New Constitution and Religious Freedom

By Wijayananda Jayaweera –

(This article was published in the Colombo Telegraph on the 20th March 2016)

On religious freedoms and introducing a rights based approach to development in the new constitution

In his set of proposals for a new constitution, Dr. Laksiri Fernando has rightly pointed out the need to include fundamental rights in a much more comprehensive manner. However, in the area of religious freedoms he seems to go overboard by proposing an additional constitutional guarantee which says that ‘’No one should be prohibited or discriminated for wearing attire by one’s own religion or belief.’’ While I have no quarrel in assuring freedom to believe and practice a religion in a peaceful manner, it is totally inappropriate to provide a guarantee in a secular constitution to safeguard various contested beliefs within a religion. In regard to the attire the very words “prescribed by one’s own religion’’ are problematic as authenticity as well as the relevancy of such prescriptions, if they exist, could be contestable. To understand this point, one should watch the award winning film Timbuktu (2014) directed by Abderrahmane Sissako in which a female Muslim fishmonger offers her hand to be cut off because she can’t sell fish with hand glows when religious extremists prescribe hand glows as a part of the religious attire of Malian Muslim women.

One’s attire is entirely a matter of personal choice and no religious authority should be given a constitutional power to determine on what a person should wear in his or her day to day life. But what is proposed by Dr. Fernando legitimises the desire of certain religious authorities to enforce their specific interpretations of attire among the followers who might have different interpretations on the same subject. Therefore, providing a constitutional safeguard to specific believes and customs within the religions is a misconceived idea.

What the constitution say about the religious freedom should also include the rights of those who do not want to believe a religion. It could be captured in a statement which says that ‘’Everyone has the right to freedom of thought, conscience and religion; this right includes freedom to change one’s religion or belief, or not to believe a religion at all.’’

Nonetheless, Dr. Fernando has raised a very important issue as to how we might be able to include socio-economic and cultural rights in the constitution in a manner which can be truly realised in practice. Unlike the civil and political rights, inclusion of socio-economic and cultural rights in a constitution has not attracted sufficient attention of the constitutional pundits. President Franklin de Roosevelt one time publicly recognised this deficiency in the American Constitution and wanted to compensate it by adopting a Bill of Economic Rights, which unfortunately was conveniently shelved by his successors. But one important element we have to keep in mind is that there is an obvious interdependency between the two rights groups, namely the civil and political rights and socio-economic and cultural rights. Therefore, both groups of rights should be treated as equally important.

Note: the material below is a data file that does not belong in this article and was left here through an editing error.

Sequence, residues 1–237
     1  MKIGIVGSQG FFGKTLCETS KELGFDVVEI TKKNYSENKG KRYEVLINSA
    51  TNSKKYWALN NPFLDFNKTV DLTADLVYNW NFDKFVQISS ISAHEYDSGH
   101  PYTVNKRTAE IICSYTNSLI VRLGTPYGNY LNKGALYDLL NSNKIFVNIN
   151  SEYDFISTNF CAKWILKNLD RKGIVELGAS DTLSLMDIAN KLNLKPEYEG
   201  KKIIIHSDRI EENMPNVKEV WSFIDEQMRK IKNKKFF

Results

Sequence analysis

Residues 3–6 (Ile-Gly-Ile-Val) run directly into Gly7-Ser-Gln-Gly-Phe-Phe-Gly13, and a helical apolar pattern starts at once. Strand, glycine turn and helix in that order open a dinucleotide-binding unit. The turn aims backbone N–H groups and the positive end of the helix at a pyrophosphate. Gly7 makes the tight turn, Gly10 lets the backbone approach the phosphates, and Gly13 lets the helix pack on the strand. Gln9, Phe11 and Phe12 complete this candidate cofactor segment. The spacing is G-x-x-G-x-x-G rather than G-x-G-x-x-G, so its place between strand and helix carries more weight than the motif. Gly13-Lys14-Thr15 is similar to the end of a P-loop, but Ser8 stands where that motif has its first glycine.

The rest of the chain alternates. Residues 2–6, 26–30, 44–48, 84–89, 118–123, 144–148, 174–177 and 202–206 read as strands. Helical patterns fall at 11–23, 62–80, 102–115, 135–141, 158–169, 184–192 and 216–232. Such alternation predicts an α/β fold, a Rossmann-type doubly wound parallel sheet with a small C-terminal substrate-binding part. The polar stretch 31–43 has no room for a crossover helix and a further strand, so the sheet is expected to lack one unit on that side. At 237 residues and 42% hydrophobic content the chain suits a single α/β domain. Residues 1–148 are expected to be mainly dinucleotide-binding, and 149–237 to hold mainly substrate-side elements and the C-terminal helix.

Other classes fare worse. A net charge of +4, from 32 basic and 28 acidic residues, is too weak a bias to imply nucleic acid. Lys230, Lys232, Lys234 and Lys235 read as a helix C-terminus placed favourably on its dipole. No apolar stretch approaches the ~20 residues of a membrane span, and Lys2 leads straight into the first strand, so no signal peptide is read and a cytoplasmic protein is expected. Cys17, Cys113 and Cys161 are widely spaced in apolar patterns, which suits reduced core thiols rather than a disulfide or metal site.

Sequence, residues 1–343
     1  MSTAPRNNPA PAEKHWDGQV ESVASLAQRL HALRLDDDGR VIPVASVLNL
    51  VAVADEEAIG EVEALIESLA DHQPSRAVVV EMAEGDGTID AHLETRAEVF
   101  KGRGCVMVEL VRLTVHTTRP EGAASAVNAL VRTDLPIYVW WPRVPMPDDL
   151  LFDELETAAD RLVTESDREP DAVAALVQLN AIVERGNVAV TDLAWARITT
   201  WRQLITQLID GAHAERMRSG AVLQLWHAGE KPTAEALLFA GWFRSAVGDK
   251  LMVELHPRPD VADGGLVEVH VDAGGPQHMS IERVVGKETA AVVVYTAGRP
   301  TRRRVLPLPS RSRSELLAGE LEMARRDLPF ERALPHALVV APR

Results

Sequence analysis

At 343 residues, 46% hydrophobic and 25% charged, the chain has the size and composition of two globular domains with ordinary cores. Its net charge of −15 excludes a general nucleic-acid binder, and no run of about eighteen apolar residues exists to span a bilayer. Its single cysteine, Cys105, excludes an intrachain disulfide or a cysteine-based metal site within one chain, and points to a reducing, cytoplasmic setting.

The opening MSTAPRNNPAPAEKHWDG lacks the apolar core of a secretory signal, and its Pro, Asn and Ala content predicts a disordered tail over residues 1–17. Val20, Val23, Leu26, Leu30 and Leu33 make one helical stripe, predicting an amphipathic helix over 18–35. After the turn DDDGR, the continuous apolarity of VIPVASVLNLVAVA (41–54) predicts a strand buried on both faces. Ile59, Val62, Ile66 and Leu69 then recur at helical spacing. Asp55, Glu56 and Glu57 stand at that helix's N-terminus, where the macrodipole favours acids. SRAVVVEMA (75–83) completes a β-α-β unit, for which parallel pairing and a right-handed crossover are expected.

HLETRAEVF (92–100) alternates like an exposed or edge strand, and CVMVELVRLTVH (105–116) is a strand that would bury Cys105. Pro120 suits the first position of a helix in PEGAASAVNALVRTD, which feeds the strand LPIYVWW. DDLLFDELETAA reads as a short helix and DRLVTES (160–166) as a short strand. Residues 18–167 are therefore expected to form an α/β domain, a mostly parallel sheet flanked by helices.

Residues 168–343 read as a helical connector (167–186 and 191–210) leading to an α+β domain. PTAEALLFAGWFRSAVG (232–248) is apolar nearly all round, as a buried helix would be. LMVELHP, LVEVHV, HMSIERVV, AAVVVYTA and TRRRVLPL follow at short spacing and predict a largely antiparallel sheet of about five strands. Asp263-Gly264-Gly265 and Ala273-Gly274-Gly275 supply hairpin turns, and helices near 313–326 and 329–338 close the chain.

However, compelling the State and its constituent parts (Legislature, Executive and the Judiciary) to actively protect and promote them, needs a well-defined constitutional obligation by which all legislations, policies, administrative directives and judicial acts should have a clear duty to foster capabilities of the people to fully enjoy their fundamental rights. Along with the civil and political rights, the social, economic and cultural rights enshrined in the constitution therefore, could be prescribed in the constitution itself as the guiding determinants of the national development policy of all governments. Succinctly put, the constitution thus would become a mutually consented and well-articulated social contract between the government and the governed under which the fundamental duty of the government would be to build capacities and capabilities of the state institutions to enable the people to fully enjoy their constitutional rights including those of which are in the socio-economic and cultural fields.

Thus, when choosing a government, the voters should be able to determine which political party or a group is more committed and capable of implementing a truly right based approach to development. The constitution could make it a requirement for all the political parties to articulate their election manifestos in line with the obligations mentioned in the fundamental right chapter of the constitution.

(This article was published in the Colombo Telegraph on the 20th March 2016)

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